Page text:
Five Gophers football players had restraining orders lifted this week, allowing them to resume playing games at TCF Bank Stadium, starting Saturday against Purdue.
Perceptionwise, this removed a cloud that hung over the program for two months. But from a pure football standpoint, the biggest development is having KiAnte Hardin as a fixture at cornerback.
Hardin missed four of the team's first eight games in the fallout from a Sept. 2 incident. The Gophers have allowed 16 points and 171.8 passing yards per game with him, compared to 28.3 points and 253.8 passing yards without him.
"When he's available to us, we can do all the things we want to do," coach Tracy Claeys said.
Last month, after an initial three-game suspension, Hardin came back and made an immediate impact.
Early in the Iowa game, the Hawkeyes tested him with a deep pass, and he showed off the speed with which he won the 100-meters state title in Missouri last year and his 40-inch vertical. The sophomore tipped the ball from receiver Jerminic Smith and returned the interception 31 yards. By game's end, Hardin had added seven tackles.
"He got gassed at the end of the first quarter," defensive coordinator Jay Sawvel said. "He was like, 'Can you put someone else in?' I was like, 'No. You have a TV timeout, and you get your little butt ready to go play again. I'm not putting anybody out there instead of you.' "
Claeys originally suspended Hardin, cornerback Ray Buford, safety Dior Johnson and defensive end Tamarion Johnson while Minneapolis police investigated what happened a few hours after their Sept. 1 season opener.
The coach reinstated the players when Hennepin County announced it was declining to press charges. But the alleged victim, who is part of the Gophers gameday operation, filed restraining orders against the four players and two others, keeping them from TCF Bank Stadium for the Oct. 22 game against Rutgers.
On Wednesday, the woman agreed to a settlement. The restraining orders were removed, replaced by a court order that allows the players to be at the stadium but not within 20 feet of her. Hardin has been unavailable to the media since the preseason.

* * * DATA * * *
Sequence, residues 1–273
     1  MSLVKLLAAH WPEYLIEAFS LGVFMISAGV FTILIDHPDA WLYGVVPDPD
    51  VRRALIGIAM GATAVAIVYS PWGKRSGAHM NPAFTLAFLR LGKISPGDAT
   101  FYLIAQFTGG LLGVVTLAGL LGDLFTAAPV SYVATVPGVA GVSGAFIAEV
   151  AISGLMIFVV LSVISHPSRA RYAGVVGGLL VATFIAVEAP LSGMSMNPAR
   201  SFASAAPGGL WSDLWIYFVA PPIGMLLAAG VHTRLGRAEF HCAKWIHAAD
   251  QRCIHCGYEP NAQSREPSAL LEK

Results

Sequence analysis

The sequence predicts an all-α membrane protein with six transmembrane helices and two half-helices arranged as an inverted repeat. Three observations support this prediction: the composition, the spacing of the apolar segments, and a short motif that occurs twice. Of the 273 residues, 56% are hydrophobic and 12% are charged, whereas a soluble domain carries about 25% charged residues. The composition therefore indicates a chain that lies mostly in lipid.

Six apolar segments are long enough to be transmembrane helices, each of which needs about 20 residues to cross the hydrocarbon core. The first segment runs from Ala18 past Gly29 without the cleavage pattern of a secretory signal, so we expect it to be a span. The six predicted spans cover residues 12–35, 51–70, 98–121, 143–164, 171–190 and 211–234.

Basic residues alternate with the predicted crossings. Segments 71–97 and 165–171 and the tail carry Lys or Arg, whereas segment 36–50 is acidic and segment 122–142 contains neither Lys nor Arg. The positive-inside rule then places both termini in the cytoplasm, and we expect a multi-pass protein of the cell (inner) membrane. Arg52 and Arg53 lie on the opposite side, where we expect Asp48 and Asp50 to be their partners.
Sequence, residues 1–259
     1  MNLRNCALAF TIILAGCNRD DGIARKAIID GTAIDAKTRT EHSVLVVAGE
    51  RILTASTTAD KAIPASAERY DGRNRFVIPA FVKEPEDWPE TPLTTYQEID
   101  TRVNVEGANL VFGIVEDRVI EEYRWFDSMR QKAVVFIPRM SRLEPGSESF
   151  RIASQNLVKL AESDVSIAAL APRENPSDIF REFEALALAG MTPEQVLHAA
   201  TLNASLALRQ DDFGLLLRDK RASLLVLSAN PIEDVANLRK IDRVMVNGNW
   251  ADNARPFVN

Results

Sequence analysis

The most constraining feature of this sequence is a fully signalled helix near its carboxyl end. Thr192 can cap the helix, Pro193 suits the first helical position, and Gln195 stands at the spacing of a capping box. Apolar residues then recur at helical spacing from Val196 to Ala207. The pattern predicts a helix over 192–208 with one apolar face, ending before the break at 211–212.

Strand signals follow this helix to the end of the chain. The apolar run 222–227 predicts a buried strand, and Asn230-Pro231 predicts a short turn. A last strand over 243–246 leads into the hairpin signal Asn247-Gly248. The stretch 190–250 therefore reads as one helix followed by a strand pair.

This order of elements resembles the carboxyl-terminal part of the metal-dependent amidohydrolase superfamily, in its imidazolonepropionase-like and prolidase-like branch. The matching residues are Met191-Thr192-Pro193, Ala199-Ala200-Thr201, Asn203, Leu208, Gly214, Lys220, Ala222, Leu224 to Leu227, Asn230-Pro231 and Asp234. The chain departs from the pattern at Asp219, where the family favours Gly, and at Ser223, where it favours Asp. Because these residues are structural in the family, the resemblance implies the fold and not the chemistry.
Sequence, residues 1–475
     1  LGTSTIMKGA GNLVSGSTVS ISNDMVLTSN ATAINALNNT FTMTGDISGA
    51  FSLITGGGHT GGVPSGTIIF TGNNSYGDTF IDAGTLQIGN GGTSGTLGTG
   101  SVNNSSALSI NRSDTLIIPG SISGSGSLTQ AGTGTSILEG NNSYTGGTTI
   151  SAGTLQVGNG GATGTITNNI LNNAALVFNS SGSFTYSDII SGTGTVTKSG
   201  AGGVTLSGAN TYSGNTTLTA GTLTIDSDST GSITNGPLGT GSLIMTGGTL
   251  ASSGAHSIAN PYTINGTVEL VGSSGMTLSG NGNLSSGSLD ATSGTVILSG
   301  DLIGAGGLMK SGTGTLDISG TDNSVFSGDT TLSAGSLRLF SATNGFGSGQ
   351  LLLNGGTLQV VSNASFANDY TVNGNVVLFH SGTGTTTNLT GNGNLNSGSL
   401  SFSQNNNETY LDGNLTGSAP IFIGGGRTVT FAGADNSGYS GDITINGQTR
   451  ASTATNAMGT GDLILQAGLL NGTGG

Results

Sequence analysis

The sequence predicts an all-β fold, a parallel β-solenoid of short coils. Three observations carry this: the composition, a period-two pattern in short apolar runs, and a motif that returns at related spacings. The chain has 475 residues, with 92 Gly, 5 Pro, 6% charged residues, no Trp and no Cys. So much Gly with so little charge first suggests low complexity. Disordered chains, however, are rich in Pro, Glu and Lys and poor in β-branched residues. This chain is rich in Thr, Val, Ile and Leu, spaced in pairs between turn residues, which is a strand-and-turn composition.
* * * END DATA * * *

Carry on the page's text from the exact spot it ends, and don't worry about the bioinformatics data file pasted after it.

The program did not celebrate this week's courtroom decision, at least not publicly, but it's clear how relieved they are to have Hardin back.
"It's a big impact," senior safety Damarius Travis said. "He's a playmaker and a ball hawk. He can knock down passes. He can also tackle, too."
Hardin, a sophomore from Webb City, Mo., is listed at 5-10, 175 pounds.
"He's smaller, but he's strong," Claeys said.
With Hardin and Jalen Myrick at cornerback, the Gophers have two of the fastest players in the Big Ten blanketing receivers.
The coaches' certitude that those two won't get beat creates options with safeties Travis and Antoine Winfied Jr., which helps the run defense, blitz packages, everything. Buford plays in the team's nickel package.
In three Big Ten games with Hardin and Buford, the Gophers have given up an average of 13.7 points, well below the average (27.7) for those three foes — Iowa, Maryland and Illinois.
But the other two Big Ten games were different stories. Penn State averages 230.5 passing yards per game but threw for 335 against the Gophers, winning in overtime. The Nittany Lions had nine plays that gained 20 or more yards — the same number Minnesota allowed in its three Big Ten games with Hardin, combined.
Rutgers averages 138.8 passing yards per game but passed for 222 at Minnesota. The Scarlet Knights, averaging 18.5 points, narrowly lost to the Gophers, 34-32.
The next week, former coach Jerry Kill said: "I don't understand that whole [restraining order] situation, and it isn't my business, but KiAnte Hardin's important to that football team. And you take him off the defense and they ain't near as good."
The Gophers are 3-1 with Hardin and 3-1 without him, but anyone watching the defense closely can see the difference. Purdue will be the next test, with sophomore quarterback David Blough and big-play receiver DeAngelo Yancey. The Boilermakers have attempted 88 more passes this season than any other Big Ten team.
"They kind of spread the ball around," Sawvel said. "… You've got to defend everybody a little bit."